School of Biological and Chemical Sciences

Structural studies of the molecular systems that maintain and spread antibiotic resistance in bacteria by single particle cryo-electron microscopy

  • Supervisor: Dr Aravindan Ilangovan
  • Deadline: 15th February 2019
  • Funding: QMUL (UK/EU only)

Project description

The extensive use of antimicrobial compounds over the past decades has led to the evolution and spread of antibiotic resistance against these compounds. This emergence and spread of resistance is increasingly becoming a global health crisis. Resistance against antibiotics are encoded by antibiotic resistance genes (ARGs) that are mostly harboured within extra chromosomal plasmid DNA. Plasmid borne resistance is on the rise as they provide the right platform for hijacking genes from the genome and spread them via horizontal gene transfer. A crucial process that guarantees the prevalence of these plasmids in the host cells is chromosome independent replication. Several clinically important plasmids replicate via an asymmetric replication process called the ‘rolling circle replication’ (RCR). Bacterial conjugation, the important means for the spread of resistance genes among bacteria also utilizes the RCR mechanism during conjugative DNA transfers. 

The project aims are to biochemically capture the intermediates of these processes and to elucidate the near atomic structure of complexes using cutting-edge single particle cryo-electron microscopy. The structural studies will be supplemented by biophysical and biochemical analysis. This project will pave the path for rational drug design thus targeting the persistence and spread of antibiotic resistance genes among bacteria. 

The proposed project will provide training in biochemical isolation and in vitro reconstitution of large macromolecular complexes, biophysical characterization of these complexes and in single particle cryo-EM workflow. This work will take advantage of the transmission electron microscopes at the NanoVision Centre located within Queen Mary and the state-of-the-art electron microscopy infrastructure at the Francis Crick Institute and Diamond Light Source.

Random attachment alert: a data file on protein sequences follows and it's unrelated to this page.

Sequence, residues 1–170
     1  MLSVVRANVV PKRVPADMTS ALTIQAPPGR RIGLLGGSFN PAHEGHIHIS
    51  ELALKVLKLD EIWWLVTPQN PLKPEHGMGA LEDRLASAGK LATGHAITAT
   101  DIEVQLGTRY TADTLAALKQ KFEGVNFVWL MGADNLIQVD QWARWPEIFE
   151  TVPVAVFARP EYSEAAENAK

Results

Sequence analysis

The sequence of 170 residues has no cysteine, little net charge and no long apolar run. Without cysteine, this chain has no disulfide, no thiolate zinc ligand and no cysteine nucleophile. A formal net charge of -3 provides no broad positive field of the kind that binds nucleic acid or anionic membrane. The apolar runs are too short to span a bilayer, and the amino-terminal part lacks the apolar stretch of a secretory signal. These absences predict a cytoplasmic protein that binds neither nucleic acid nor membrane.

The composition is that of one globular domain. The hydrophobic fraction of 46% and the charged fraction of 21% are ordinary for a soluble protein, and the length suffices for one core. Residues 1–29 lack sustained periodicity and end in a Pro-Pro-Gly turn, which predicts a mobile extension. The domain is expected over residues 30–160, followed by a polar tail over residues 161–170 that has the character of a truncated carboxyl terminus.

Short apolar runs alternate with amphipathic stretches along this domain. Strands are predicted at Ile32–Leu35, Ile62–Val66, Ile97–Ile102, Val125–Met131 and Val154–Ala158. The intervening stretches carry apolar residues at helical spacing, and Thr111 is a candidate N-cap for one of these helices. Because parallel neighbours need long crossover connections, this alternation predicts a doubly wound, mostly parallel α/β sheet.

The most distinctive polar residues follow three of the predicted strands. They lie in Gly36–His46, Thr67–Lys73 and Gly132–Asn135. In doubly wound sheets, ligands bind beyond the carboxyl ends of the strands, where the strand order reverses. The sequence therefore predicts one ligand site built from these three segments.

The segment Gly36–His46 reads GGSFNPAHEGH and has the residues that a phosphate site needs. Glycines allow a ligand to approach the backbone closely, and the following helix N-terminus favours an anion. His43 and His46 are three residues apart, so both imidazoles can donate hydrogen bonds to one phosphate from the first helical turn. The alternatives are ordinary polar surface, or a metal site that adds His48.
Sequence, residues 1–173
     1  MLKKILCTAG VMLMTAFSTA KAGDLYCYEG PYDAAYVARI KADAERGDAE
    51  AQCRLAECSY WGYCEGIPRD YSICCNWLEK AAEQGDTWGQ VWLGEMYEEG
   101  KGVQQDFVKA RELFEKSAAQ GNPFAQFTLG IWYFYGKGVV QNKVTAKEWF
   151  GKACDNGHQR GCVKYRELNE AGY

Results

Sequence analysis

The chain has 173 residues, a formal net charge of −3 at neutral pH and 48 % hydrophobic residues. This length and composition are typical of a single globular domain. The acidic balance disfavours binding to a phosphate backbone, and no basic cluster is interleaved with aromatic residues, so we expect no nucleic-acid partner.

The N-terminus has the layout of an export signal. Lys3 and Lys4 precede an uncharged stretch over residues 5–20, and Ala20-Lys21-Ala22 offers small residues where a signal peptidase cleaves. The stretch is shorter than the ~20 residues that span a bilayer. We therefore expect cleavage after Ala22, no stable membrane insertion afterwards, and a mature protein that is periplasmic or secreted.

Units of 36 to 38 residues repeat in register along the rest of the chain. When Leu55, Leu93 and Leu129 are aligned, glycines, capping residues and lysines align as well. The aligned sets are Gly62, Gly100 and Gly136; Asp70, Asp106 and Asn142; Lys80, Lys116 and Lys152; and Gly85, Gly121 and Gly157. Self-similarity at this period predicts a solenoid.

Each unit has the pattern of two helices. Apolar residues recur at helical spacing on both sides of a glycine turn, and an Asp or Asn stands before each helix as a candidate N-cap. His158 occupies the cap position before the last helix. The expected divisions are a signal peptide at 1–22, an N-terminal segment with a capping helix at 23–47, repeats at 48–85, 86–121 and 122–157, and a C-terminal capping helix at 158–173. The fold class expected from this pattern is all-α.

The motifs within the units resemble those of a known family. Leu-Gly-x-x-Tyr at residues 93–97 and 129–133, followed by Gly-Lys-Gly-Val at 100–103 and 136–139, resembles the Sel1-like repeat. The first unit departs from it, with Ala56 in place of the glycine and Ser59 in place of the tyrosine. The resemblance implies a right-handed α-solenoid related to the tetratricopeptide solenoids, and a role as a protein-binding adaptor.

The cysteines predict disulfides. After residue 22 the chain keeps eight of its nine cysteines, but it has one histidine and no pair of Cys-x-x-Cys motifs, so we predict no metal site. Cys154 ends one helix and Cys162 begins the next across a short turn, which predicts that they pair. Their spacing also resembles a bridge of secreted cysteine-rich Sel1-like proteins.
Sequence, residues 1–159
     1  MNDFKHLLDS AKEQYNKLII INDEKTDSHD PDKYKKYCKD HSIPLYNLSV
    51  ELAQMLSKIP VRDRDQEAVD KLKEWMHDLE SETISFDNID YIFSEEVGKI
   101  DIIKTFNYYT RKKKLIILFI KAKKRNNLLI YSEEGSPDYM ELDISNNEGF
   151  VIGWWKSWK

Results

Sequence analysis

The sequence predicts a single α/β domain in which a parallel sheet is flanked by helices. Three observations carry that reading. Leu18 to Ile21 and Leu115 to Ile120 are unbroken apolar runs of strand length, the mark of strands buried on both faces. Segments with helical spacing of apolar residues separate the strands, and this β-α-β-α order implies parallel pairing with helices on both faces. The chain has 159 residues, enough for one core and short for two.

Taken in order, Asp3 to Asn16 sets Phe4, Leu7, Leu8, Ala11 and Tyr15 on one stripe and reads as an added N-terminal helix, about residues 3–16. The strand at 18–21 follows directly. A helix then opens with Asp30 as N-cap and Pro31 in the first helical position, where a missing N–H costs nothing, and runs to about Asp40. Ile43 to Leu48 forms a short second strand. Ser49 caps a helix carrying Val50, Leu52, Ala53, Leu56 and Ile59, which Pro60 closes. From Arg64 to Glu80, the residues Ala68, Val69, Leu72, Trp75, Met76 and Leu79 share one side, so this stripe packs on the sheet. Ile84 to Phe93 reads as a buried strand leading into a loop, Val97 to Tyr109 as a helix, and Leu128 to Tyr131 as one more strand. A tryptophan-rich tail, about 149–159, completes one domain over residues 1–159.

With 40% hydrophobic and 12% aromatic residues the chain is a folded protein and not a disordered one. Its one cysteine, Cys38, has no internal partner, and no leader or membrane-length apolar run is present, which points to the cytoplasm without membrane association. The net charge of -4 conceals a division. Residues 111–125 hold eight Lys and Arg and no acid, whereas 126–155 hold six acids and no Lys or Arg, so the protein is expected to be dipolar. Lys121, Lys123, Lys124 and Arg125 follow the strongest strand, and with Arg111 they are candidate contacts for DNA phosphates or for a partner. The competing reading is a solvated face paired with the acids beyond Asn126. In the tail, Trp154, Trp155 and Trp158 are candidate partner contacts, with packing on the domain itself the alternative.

The studentship will cover UK/EU tuition fees and provide an annual tax-free maintenance allowance for 3 years at the Research Council rate (£16,777 in 2018/19). 

Eligibility and applying

Applications are invited from candidates with, or expecting to be awarded, a degree (UK 1st or 2:1 or equivalent qualification) in a relevant area. A masters degree is desirable, but not essential, and relevant research experience may also be taken into account. Applicants from outside of the UK are required to provide evidence of their English language ability. Please see our entry requirements page for details.

Informal enquiries about the project can be sent to Dr Aravindan Ilangovan ( Formal applications should be submitted online by the stated deadline.

Apply Online